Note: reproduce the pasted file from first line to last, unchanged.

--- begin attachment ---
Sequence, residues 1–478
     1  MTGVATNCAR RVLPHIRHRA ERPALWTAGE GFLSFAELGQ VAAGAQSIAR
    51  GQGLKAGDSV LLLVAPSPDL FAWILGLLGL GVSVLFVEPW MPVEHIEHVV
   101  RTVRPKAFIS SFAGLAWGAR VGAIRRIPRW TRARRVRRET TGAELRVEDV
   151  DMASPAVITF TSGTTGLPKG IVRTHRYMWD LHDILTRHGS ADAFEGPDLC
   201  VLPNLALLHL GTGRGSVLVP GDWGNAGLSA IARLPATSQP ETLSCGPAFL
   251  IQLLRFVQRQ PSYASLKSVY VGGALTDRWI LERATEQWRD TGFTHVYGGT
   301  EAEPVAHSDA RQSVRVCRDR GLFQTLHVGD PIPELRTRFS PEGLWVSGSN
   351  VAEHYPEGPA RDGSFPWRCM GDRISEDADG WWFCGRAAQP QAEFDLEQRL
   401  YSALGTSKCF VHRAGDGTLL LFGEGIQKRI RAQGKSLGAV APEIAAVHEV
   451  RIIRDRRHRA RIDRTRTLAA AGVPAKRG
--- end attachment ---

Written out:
Sequence, residues 1–478
     1  MTGVATNCAR RVLPHIRHRA ERPALWTAGE GFLSFAELGQ VAAGAQSIAR
    51  GQGLKAGDSV LLLVAPSPDL FAWILGLLGL GVSVLFVEPW MPVEHIEHVV
   101  RTVRPKAFIS SFAGLAWGAR VGAIRRIPRW TRARRVRRET TGAELRVEDV
   151  DMASPAVITF TSGTTGLPKG IVRTHRYMWD LHDILTRHGS ADAFEGPDLC
   201  VLPNLALLHL GTGRGSVLVP GDWGNAGLSA IARLPATSQP ETLSCGPAFL
   251  IQLLRFVQRQ PSYASLKSVY VGGALTDRWI LERATEQWRD TGFTHVYGGT
   301  EAEPVAHSDA RQSVRVCRDR GLFQTLHVGD PIPELRTRFS PEGLWVSGSN
   351  VAEHYPEGPA RDGSFPWRCM GDRISEDADG WWFCGRAAQP QAEFDLEQRL
   401  YSALGTSKCF VHRAGDGTLL LFGEGIQKRI RAQGKSLGAV APEIAAVHEV
   451  RIIRDRRHRA RIDRTRTLAA AGVPAKRG